In today’s episode of PianoTV, I sat my baby down at the piano to play us a masterpiece. She smashed some keys – a very abstract melody – and I went ahead and penned the notes down, adding my own twist.

We’ll start this video with my baby’s playing, and then jump right into my arrangement of those virtuosic notes.

If you’re interested in the sheet music for this tune, you can download it on the blog for free:

“Before the Morning Nap” sheet music download

About my baby’s composition

I gave it the very original title of “Before the Morning Nap”, because that’s when she smashed the keys.

I kept things simple – this would be playable for anyone around a grade 2 level and even earlier. It’s mostly simple chords and a repeated melody. If I were teaching this piece, I would encourage my students to pinpoint the various chords and look at the simple structure to decode it a little.

But we’re going to keep things short and sweet today – a fun and quick video. Let’s jump into it!


I will say it was a lot of fun collaborating with my baby for this video. You can tell she gets a little melancholic and introspective just before her naps. She doesn’t relish her naps – it’s more of a necessary evil. I think she really conveyed that well in her melody.

I hope you enjoyed this video as well, and maybe we’ll write another tune sometime together in the future.



Recently we did a performer spotlight video on Glenn Gould, who is legendary when it comes to recordings of Bach – but unfortunately, he’s been dead quite a while.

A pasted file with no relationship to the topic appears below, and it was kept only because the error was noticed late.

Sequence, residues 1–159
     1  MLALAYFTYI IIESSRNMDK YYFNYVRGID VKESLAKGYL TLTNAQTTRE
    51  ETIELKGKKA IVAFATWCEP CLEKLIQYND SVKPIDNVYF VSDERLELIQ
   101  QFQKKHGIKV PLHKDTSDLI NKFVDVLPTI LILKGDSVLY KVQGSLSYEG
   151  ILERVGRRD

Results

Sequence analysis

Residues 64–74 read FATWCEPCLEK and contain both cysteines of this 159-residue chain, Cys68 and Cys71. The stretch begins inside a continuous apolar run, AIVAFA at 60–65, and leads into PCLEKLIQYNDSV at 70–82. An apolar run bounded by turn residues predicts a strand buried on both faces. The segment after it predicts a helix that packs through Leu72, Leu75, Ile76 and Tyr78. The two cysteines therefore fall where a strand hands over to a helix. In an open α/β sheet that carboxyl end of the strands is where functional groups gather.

I thought it would be fun to spotlight a performer who is alive and well, and who got her start on YouTube – Valentina Lisitsa.

We’re going to discuss her background, her journey as a musician, playing style and recordings, as well as some controversy. Let’s get into it!

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Since it’s currently summertime, I wanted to take this opportunity to delve into The Four Seasons by Vivaldi, specifically the “summer” movement.

This is a Baroque-era concerto in a set of four concerto, each with its own season/theme: spring, summer, autumn and winter.

This will be a long-running series – each season I am going to examine the corresponding concerto, finishing with Spring next year, the most famous of the set of concertos. Today we’ll be specifically talking about the genre “program music” and how “Summer” demonstrates it.

Let’s get started!

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In today’s episode of PianoTV, I’ll walk you through 5 beginner exercises for playing with a metronome. There is a free printable PDF with all of these exercises, and I encourage you to download it and play along!

I wanted to create a really simple starting point for students in the first 6 months to 1-2 years of lessons who want to learn how to use the metronome properly.

If you’re not sure whether or not you use the metronome properly, you probably aren’t. There’s a learning curve with this, and many of my students have a hard time with this. That’s why I designed this set of exercises.

We’re going to hop to the keyboard for this video. What I’ll do is play through each exercise so you can follow along, and then talk about the challenges involved, and some tips and tricks.

Let’s get started!

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